Crime Victims’ Rights Week provides an opportunity to honor victims and survivors of crime. It also offers a major avenue to improve public perception of the criminal justice system by offering information about victim rights, services, and resources from the prosecutor’s office. Spreading the word about services and the prosecution’s involvement also encourages increased cooperation among law enforcement agencies, criminal justice professionals, medical associations, and social service agencies—all integral partners in ensuring that victims receive all available assistance.
Special thanks go to Bexar County VAC Cyndi Jahn, who is also our Victim Services Board Chair, who produced multiple events during San Antonio’s Crime Victims’ Rights Week and then volunteered to write an article about it for this publication. (See page 30 for her inspiring summary of her office’s CVRW events.) Thank you also to DeAnna Browning of the Henderson County District Attorney’s Office who sent information about their activities.
Next year’s observance is April 22–28, 2012. It’s not too early to contact your partners and start planning a press release and conference, a memorial, a walk or run, public service announcements, brochures, or multiple events. Cyndi will tell you that it is much easier to get emergency help for a victim from another agency when you have established a relationship with that agency. Crime Victims’ Rights Week is an opportunity to do just that. The Office for Victims of Crime has sample press releases, suggested activities, speeches, and more available for you to download at http:// ovc.ncjrs.gov/ncvrw2010/ themedvd.html. You can also contact me and I’ll be glad to connect you with our visionary VACs.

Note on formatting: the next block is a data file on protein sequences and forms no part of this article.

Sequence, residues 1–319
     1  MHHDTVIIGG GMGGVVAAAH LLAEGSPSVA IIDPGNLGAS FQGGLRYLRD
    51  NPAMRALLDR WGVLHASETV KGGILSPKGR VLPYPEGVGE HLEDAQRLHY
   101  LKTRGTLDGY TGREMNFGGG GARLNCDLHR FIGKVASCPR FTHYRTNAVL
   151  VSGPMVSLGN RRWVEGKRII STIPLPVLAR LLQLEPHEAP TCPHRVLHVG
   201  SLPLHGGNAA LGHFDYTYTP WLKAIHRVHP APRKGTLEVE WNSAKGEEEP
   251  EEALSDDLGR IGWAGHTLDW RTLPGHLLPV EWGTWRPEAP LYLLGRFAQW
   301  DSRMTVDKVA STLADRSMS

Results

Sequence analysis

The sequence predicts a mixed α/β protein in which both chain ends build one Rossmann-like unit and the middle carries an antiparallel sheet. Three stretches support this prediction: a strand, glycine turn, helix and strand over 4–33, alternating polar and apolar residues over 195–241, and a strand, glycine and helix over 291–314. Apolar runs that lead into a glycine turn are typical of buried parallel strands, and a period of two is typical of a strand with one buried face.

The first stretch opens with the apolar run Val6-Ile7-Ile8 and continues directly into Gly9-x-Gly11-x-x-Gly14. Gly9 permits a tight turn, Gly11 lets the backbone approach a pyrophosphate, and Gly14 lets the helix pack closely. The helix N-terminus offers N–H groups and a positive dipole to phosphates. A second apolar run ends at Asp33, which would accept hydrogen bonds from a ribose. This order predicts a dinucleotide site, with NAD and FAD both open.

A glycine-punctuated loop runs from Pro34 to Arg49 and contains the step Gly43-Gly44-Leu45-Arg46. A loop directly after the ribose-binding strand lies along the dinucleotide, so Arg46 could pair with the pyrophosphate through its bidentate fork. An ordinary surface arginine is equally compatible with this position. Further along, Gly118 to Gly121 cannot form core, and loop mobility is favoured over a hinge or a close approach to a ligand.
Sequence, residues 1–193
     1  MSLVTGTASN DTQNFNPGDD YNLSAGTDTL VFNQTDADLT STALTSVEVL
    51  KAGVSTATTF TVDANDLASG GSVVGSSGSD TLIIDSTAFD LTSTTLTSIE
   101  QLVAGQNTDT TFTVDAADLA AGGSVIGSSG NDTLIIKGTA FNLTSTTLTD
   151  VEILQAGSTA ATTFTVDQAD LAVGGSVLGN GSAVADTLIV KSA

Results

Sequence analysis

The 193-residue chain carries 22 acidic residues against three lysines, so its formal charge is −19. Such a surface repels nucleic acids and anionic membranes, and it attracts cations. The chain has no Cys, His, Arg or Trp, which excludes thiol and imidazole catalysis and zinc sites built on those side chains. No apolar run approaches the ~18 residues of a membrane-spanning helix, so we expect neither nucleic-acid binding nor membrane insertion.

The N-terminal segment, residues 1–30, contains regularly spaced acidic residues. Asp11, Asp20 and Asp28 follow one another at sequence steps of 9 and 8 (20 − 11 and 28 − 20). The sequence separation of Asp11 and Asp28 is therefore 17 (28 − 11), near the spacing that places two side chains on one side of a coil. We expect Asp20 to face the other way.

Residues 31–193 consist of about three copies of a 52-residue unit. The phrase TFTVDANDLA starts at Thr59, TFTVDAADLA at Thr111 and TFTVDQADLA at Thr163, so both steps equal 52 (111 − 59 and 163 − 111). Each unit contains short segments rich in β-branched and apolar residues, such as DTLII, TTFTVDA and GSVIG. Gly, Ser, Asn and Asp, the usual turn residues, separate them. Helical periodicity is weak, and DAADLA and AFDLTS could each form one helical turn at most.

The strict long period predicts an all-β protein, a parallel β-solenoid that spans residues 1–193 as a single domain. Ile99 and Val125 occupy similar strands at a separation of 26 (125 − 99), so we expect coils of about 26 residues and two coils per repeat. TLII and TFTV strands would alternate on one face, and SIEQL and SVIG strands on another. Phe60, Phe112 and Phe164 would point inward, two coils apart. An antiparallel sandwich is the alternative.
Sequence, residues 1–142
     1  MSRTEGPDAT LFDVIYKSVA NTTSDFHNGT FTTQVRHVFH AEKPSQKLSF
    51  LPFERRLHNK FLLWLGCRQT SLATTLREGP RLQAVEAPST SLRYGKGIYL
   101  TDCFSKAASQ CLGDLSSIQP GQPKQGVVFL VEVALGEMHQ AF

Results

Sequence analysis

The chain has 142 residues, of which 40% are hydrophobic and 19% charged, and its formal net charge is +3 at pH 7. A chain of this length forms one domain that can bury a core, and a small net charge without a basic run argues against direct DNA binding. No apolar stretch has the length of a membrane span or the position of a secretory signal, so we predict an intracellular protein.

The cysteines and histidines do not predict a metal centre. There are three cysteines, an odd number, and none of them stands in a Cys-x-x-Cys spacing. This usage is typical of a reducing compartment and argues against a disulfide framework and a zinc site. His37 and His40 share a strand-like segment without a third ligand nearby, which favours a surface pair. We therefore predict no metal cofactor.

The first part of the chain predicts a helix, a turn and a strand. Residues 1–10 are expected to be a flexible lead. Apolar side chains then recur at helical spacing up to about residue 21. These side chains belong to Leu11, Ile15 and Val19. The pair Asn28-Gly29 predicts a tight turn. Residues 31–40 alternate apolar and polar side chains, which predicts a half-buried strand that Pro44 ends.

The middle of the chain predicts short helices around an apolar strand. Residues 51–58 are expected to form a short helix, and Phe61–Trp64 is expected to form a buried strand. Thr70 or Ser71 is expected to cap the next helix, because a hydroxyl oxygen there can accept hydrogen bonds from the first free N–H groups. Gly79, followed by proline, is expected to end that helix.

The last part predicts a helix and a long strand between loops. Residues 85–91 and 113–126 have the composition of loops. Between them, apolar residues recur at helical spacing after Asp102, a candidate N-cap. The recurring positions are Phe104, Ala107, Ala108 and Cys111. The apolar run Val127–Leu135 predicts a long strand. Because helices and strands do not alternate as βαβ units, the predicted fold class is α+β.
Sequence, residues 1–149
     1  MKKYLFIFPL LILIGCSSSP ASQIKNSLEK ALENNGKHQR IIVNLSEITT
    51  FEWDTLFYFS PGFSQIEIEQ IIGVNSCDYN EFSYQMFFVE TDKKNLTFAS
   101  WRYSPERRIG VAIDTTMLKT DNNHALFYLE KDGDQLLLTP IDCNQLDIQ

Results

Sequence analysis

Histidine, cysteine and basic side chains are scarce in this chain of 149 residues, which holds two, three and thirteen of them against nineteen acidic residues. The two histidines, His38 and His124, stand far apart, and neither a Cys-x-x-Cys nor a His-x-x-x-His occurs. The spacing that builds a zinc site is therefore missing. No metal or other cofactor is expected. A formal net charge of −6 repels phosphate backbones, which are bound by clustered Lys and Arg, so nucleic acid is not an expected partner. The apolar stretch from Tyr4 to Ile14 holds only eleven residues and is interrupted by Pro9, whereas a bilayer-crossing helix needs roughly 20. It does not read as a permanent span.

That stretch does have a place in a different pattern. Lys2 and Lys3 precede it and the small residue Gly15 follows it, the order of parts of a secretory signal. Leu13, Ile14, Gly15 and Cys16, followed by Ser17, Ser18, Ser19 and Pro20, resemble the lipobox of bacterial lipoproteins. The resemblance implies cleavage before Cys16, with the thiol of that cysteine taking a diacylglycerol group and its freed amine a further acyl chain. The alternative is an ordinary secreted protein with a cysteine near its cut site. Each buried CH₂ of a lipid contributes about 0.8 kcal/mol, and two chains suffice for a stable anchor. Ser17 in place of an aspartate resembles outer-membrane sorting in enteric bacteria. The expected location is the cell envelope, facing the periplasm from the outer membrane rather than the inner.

Does your office handle protective orders?
Ann Landeros, Domestic Violence Resource Attorney at the Office of Court Administration, wants to let you know about two OCA projects that are relevant to TDCAA members who handle protective order cases.
One is the Texas Remote Interpreter Project (TRIP), which is in a pilot phase in the Third Administrative Judicial Region. TRIP provides free licensed Spanish court interpretation for county and district courts handling civil cases involving intimate partner violence. The court can enroll in the TRIP program and schedule interpreter services by visiting OCA’s webpage at www.courts .state.tx.us/oca/DVRA/trip.asp. OCA wants prosecutors handling protective order applications in the third region (Austin, Bell, Blanco, Bosque, Burnet, Caldwell, Colorado, Comal, Comanche, Coryell, Falls, Fayette, Gonzales, Guadalupe, Hamilton, Hays, Hill, Lampasas, Lavaca, Llano, McLennan, Milam, Navarro, San Saba, Travis, and Williamson Counties) to be aware that this service is now available for court hearings with Spanish-speaking participants. The service cannot be used to supplant existing licensed court interpretation (if the service is provided at no charge to the parties) but can be used to replace court-paid interpreters who are not licensed. Once the program is rolled out statewide, it will offer interpretation in languages other than Spanish through the commercial Language Line service.